Friday, November 8, 2013


Those of us who are sushi lovers are well-acquainted with wasabi, that pinch of pale green paste that sits to one side of the plate and, when smeared sparingly on the sushi, produces a taste reaction somewhere between mild heat and sinus-destroying explosions. Click to read more...
In many sushi bars, the paste is smeared directly on the rice, then capped by the fish, as true wasabi's zing evaporates in a quarter hour or less. But what else do you know about this root?
Subject to many diseases and pests, wasabia japonica is related to mustard and cabbages as well as horseradish. This delicate little plant with white flowers, a green, warty root and pretty leaves grows wild only in certain parts of Japan, often in mountains on the gravel of river beds where a flow of the essential cold, pure water is constant. It takes 18 months to two years to grow a usable root about the size of a travel-size toothpaste tube. Wasabi is commercially cultivated in Japan's Ise Peninsula, but also in New Zealand, China, and the mountains of North Carolina.
Due to its chemical properties, once the real root is grated, it loses its pungency quickly. Traditionally, wasabi root is grated on a shagreen-skin grater (shagreen is shark skin, once used as a leather but generally found now only in antique stores on 1930's cigarette cases ). Failing a shagreen grater, a metal oroshigani (a flat bamboo grater with tiny raised teeth) is used. These are easily found in ceramic. The finer the grating, the more pungent the flavor, a truly microscopic powder will rise into your nasal and sinus areas like the fires of hell. And speaking of fires, there have been experiments to use the powder as a fire alarm for deaf people. Amazing what you can find on the internet.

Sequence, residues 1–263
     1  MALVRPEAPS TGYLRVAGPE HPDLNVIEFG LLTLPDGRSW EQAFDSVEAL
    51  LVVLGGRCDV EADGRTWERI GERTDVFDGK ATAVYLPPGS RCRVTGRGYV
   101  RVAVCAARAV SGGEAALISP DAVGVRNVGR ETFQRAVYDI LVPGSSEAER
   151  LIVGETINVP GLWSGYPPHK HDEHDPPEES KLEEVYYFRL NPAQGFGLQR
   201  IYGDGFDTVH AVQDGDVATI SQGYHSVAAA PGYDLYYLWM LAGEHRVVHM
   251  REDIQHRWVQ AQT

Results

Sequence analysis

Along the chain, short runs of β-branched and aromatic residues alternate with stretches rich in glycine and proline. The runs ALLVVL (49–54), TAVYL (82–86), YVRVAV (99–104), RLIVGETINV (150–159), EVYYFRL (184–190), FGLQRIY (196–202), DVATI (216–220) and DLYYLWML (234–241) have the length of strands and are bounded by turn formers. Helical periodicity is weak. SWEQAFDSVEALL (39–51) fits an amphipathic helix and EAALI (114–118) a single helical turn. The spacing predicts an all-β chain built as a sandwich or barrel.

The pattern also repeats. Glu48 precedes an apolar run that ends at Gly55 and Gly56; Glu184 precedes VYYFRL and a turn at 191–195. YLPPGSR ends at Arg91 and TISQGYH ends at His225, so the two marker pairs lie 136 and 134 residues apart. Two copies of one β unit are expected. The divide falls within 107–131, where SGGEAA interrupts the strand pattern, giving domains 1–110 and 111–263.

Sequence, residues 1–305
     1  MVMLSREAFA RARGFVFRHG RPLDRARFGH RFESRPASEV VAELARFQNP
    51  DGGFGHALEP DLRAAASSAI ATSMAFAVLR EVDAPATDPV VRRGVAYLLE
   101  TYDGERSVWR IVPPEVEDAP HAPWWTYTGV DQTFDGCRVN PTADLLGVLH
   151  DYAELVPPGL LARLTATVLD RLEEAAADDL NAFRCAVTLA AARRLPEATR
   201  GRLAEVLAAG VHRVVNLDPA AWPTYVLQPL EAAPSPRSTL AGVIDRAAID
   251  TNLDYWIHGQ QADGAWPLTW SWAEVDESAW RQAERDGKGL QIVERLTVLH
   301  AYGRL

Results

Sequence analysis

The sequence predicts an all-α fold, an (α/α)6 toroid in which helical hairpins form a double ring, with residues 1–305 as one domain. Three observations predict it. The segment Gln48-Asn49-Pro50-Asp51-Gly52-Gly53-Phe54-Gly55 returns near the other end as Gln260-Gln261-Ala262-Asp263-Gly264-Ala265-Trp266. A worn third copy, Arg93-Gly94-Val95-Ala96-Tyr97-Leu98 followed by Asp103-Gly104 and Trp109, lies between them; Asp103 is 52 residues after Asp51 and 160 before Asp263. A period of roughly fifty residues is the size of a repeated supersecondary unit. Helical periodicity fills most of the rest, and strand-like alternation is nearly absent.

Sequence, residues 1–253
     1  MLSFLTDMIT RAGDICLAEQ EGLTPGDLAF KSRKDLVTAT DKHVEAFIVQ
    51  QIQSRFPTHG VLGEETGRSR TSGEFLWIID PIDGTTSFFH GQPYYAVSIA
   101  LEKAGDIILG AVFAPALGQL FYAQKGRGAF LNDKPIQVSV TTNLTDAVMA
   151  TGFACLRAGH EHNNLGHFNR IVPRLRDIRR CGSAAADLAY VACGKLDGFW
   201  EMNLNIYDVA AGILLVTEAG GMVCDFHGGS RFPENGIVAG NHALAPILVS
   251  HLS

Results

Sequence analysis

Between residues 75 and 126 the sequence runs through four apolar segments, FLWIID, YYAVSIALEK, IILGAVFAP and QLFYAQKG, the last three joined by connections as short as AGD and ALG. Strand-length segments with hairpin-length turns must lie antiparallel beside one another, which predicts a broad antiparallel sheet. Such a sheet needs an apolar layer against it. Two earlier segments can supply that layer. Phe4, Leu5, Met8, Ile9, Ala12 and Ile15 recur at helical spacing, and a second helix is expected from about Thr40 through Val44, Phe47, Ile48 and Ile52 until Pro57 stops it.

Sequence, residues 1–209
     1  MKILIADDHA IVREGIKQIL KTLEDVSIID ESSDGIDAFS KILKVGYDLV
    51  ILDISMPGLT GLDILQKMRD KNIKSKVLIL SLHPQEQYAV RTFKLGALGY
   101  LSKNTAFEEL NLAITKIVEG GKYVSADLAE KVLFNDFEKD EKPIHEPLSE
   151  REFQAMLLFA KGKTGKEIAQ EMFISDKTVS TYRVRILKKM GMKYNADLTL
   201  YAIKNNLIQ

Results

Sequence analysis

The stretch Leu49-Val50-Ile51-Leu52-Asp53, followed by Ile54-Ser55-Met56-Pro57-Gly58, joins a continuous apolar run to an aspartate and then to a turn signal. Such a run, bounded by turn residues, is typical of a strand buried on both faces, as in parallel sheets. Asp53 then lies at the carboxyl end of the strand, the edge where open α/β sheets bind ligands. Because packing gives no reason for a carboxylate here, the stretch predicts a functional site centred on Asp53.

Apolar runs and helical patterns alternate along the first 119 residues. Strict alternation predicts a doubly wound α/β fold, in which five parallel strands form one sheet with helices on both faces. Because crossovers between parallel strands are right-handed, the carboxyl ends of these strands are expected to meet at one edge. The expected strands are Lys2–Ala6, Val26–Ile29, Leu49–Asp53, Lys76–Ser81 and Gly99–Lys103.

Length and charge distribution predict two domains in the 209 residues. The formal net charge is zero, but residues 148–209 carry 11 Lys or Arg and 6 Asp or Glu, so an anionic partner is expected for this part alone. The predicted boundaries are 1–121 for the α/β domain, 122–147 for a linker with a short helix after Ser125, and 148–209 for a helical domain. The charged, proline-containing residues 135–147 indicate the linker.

So what's a sushi lover to do about this essential flavor? In most restaurants, you'll get a still-searing combination of "western" horseradish, mustard, and green food coloring. That powder in the little round container? If it had any real wasabi powder in it, you couldn't tell because it's long lost its flavor. Ditto for the tubes, available in all Asian markets and most western grocery stores.
Real wasabi enthusiasts claim the taste of the genuine article is far finer than its popular generic substitute, with a back-of-the-mouth heat that doesn't override the front-of-the-mouth fish taste. Chefs like it in other dishes, including mashed potatoes, salad dressings, and soups. But don't spend too much time looking for the product; at over a hundred bucks a pound, it's usually available only through specialty vendors, or at very high-end restaurants. It should be grated tableside. Taste it quickly; you've only got 15 minutes!
To mix the powder, use 1/4 tsp water to a heaping tsp powder, stir until it forms a paste. Do not make large amounts in advance, as it quickly looses its sparkle.
If you're intent on savoring the real thing, try this web site:

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